The JFCCT emphatically believes that any change to the FBA that further restricts the definition of “foreigner” or “alien” for purposes of determining company ownership is a very serious consideration. The term “alien” is already defined in the Foreign Business Act in terms of share capital without any reference to voting rights, meaning that any change to this definition would be a change in Thai law -- not a “new interpretation” or “clarification” of current law as often described. The definition of “alien” has been confirmed by the Thai Government and Courts on numerous occasions. The definition of “alien” according to this longstanding Thai law and interpretation has led to the structuring of thousands of foreign companies in Thailand, many of which have been functioning here for decades. To change the definition of “alien” and thus Thai law would be to change the rules of the game for investment in Thailand. Furthermore, if these new rules are applied retroactively to foreign companies that are already established in Thailand, many investors will likely view this action as compulsory divestiture, no matter what grace period is offered for them to come into compliance.

    The JFCCT is concerned that any investor fearing an environment of compulsory divestiture or decreased economic liberalization in Thailand will choose to take his or her investment elsewhere, potentially leading to an erosion of foreign investment in Thailand. While the JFCCT of course recognizes that Thailand is a sovereign country with the right to change any laws as it sees fit, we feel cause to heed warning of the unintended effects such changes may have. Indeed, the Kasikorn Research Center released a report this past weekend asserting that FDI in Thailand is likely to hit a seven year low this year due to recent events in Thailand and actions by the Thai Government. These events have put the Kingdom on the radar screen of current and potential investors more than ever before, largely due to questions and concerns about Thailand’s stability as an investment environment. This sensitive period is not a good time for Thailand to be considering such radical changes to the laws governing foreign investment.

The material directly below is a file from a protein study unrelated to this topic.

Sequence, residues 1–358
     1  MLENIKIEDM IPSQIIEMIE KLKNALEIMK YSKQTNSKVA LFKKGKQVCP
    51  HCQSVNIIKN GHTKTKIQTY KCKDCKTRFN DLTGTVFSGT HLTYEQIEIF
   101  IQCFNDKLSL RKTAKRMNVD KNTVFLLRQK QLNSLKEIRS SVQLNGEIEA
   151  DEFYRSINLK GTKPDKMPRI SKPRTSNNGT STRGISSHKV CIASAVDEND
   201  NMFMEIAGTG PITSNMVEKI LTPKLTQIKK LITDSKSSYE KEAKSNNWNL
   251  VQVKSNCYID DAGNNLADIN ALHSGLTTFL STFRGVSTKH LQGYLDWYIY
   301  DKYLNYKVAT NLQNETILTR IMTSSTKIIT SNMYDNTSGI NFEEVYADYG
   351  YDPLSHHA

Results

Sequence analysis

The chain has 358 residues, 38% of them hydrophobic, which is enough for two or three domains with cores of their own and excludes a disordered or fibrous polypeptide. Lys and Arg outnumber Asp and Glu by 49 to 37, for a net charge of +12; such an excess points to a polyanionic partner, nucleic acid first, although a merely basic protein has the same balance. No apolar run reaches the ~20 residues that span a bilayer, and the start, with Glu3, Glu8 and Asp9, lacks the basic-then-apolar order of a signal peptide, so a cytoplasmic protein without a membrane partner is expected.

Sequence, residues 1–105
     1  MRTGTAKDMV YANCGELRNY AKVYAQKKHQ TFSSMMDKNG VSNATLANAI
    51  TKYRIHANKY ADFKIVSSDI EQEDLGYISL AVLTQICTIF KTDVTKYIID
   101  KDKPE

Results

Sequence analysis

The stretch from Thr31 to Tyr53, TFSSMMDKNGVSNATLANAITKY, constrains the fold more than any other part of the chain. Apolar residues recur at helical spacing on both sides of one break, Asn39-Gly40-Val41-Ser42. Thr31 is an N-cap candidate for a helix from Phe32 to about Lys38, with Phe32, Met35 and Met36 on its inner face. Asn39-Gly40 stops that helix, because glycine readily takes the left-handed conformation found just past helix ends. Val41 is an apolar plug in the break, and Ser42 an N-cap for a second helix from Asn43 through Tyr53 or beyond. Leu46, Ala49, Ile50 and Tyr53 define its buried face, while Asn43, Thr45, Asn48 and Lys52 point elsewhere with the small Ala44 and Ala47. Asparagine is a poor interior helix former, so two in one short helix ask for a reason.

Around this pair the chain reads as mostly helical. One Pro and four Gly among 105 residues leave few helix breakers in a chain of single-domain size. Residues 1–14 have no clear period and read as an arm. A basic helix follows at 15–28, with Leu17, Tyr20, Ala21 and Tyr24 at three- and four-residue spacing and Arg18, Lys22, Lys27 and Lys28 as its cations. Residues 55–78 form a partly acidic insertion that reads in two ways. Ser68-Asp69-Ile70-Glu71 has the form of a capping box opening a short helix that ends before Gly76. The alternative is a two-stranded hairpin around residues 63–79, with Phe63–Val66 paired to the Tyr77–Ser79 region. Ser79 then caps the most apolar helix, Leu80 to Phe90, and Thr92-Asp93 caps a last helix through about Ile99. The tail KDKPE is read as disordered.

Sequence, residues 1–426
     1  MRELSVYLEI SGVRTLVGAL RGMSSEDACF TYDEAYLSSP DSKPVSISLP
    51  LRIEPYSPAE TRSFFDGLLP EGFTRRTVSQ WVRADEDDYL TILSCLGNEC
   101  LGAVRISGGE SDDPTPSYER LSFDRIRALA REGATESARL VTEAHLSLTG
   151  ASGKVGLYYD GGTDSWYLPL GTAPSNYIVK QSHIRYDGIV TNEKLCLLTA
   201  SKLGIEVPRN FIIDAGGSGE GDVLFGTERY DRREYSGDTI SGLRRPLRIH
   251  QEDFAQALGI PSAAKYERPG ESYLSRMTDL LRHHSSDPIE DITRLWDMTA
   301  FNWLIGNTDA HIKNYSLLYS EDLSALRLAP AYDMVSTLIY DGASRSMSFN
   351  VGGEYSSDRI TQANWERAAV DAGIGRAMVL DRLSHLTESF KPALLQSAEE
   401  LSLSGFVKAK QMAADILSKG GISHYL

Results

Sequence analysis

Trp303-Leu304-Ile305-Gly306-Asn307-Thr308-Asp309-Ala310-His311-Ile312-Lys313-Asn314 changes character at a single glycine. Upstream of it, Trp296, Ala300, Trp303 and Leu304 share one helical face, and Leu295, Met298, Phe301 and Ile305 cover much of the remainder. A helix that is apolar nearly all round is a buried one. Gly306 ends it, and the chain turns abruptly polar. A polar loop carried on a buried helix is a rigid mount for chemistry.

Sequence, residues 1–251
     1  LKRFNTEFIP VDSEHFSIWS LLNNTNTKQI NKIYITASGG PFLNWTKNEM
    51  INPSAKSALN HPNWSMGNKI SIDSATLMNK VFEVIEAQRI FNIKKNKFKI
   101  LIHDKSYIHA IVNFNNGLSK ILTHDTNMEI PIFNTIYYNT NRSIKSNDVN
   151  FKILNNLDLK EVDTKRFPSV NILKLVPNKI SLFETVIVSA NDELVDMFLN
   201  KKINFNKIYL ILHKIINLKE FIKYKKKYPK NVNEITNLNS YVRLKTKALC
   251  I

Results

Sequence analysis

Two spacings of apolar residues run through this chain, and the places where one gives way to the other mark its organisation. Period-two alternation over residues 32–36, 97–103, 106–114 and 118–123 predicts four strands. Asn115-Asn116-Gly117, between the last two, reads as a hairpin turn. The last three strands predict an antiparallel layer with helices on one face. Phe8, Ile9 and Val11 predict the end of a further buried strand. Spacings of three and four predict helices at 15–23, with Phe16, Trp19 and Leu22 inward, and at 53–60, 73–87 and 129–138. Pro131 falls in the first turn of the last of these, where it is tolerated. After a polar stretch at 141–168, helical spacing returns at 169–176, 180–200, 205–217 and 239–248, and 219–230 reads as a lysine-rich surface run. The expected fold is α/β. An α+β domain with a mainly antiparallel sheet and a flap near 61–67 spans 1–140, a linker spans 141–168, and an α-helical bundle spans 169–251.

The JFCCT encourages the Thai Government to reflect further on any potential amendments to the FBA or other rules governing foreign investment in Thailand, perhaps by first organizing an economic impact study of any proposed changes. We hope to identify additional ways that we can work together, hand-in-hand, on positive initiatives that strengthen foreign investments and their benefits in Thailand for both the Thai people and foreign investors.



  2. #2